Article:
Courtesy: Dawn News/Reuters
A 19-year-old man accused of attacking three New York City police officers with a machete near Times Square on New Year’s eve — crime investigators have linked to Islamist extremism — was charged in federal court on Tuesday with attempted murder.
The four federal charges — all for attempted murder — against Trevor Bickford, 19, add to a slew of New York state charges, some terrorism-related. It was not immediately clear which case would move forward first.
Bickford, a resident of the northern state of Maine, allegedly travelled to Times Square on New Year’s Eve “to carry out a brazen act of violence and hatred in the name of jihad”, US Attorney Damian Williams said in a statement.
At a security checkpoint outside the gathering, Bickford stabbed and hit three New York police officers with a machete before being shot in the shoulder, the complaint says, adding that all three officers were hospitalised.
The four federal charges each carry a maximum sentence of 20 years in prison, according to the statement.
“We are deeply grateful for the bravery of the officers who were injured in this horrible attack,” said Attorney General Merrick Garland, who described the assault as “jihad-inspired”.
The criminal complaint alleges that Bickford began “accessing and consuming materials espousing radical” Islamist ideology in the summer of 2022 and later was interested in travelling to the Middle East and Afghanistan “to support the Taliban”.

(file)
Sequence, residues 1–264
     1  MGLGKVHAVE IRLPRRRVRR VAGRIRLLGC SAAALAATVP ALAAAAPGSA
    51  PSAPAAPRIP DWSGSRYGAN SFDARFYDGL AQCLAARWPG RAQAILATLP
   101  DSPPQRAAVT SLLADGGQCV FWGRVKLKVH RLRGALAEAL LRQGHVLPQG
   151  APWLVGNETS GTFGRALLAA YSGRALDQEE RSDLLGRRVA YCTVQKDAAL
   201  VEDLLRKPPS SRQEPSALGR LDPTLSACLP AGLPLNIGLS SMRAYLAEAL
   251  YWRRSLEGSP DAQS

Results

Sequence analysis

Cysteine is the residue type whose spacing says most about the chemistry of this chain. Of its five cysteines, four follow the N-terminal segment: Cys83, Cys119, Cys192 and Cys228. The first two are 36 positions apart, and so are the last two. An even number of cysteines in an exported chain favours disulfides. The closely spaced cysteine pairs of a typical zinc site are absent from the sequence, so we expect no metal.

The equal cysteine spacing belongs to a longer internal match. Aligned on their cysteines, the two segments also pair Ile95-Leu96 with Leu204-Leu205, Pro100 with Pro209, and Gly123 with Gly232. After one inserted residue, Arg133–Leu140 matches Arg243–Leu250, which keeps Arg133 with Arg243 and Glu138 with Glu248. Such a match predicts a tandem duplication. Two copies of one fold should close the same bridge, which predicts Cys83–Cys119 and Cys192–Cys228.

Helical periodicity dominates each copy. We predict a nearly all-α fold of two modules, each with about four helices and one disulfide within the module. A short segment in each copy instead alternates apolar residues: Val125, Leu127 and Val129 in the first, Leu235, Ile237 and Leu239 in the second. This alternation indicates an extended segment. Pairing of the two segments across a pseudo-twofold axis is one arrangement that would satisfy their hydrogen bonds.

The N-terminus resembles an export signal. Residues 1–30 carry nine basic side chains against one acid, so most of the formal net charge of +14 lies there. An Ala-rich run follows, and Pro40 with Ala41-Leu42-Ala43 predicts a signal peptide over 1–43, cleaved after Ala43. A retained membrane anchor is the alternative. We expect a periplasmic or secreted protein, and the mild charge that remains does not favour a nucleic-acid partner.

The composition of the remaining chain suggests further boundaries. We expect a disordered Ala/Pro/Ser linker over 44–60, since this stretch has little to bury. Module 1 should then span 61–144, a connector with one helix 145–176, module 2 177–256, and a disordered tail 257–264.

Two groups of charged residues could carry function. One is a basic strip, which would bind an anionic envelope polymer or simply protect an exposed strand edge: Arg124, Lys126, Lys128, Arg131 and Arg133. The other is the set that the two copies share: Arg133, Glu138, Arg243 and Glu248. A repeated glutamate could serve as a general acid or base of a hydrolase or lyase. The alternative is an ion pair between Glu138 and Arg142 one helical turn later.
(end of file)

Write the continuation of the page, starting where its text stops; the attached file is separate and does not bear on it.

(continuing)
He “told a family member that he wanted to travel to the Middle East so that he could be a suicide bomber” but later decided he “would wage jihad against the US Government within the United States”, the complaint says.
Authorities say that FBI agents interviewed Bickford in December after his mother reported her concern that her son was possibly becoming radicalised.
The agents placed him on a federal watch list to prevent him from travelling overseas.
Attorneys for the Legal Aid Society, representing Bickford, could not be reached by Reuters for comment on Tuesday evening.
In the United Kingdom, police in February 2020 shot dead a man in London wearing a “hoax device” and suspected of stabbing two people, in an “Islamist-related” terrorist incident.